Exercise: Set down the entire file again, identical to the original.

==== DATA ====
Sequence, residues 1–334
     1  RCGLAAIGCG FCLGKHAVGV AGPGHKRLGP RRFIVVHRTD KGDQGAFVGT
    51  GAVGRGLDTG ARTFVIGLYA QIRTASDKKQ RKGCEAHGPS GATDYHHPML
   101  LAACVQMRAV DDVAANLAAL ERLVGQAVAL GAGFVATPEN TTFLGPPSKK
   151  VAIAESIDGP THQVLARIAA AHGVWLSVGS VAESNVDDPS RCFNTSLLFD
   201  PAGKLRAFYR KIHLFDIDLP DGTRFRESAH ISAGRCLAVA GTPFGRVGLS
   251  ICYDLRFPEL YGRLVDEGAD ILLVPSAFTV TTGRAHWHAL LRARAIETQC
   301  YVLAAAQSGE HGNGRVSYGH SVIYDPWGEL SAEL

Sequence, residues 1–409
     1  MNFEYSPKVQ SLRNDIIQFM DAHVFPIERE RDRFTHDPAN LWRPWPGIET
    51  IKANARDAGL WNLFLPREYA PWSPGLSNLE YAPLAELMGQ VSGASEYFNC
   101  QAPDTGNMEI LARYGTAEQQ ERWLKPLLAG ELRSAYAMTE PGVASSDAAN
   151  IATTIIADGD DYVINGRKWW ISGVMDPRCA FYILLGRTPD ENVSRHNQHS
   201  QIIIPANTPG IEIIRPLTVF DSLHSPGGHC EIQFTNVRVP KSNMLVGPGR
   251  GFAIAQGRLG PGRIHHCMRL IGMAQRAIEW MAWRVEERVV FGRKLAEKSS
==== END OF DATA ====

Sequence, residues 1–334
     1  RCGLAAIGCG FCLGKHAVGV AGPGHKRLGP RRFIVVHRTD KGDQGAFVGT
    51  GAVGRGLDTG ARTFVIGLYA QIRTASDKKQ RKGCEAHGPS GATDYHHPML
   101  LAACVQMRAV DDVAANLAAL ERLVGQAVAL GAGFVATPEN TTFLGPPSKK
   151  VAIAESIDGP THQVLARIAA AHGVWLSVGS VAESNVDDPS RCFNTSLLFD
   201  PAGKLRAFYR KIHLFDIDLP DGTRFRESAH ISAGRCLAVA GTPFGRVGLS
   251  ICYDLRFPEL YGRLVDEGAD ILLVPSAFTV TTGRAHWHAL LRARAIETQC
   301  YVLAAAQSGE HGNGRVSYGH SVIYDPWGEL SAEL

Sequence, residues 1–409
     1  MNFEYSPKVQ SLRNDIIQFM DAHVFPIERE RDRFTHDPAN LWRPWPGIET
    51  IKANARDAGL WNLFLPREYA PWSPGLSNLE YAPLAELMGQ VSGASEYFNC
   101  QAPDTGNMEI LARYGTAEQQ ERWLKPLLAG ELRSAYAMTE PGVASSDAAN
   151  IATTIIADGD DYVINGRKWW ISGVMDPRCA FYILLGRTPD ENVSRHNQHS
   201  QIIIPANTPG IEIIRPLTVF DSLHSPGGHC EIQFTNVRVP KSNMLVGPGR
   251  GFAIAQGRLG PGRIHHCMRL IGMAQRAIEW MAWRVEERVV FGRKLAEKSS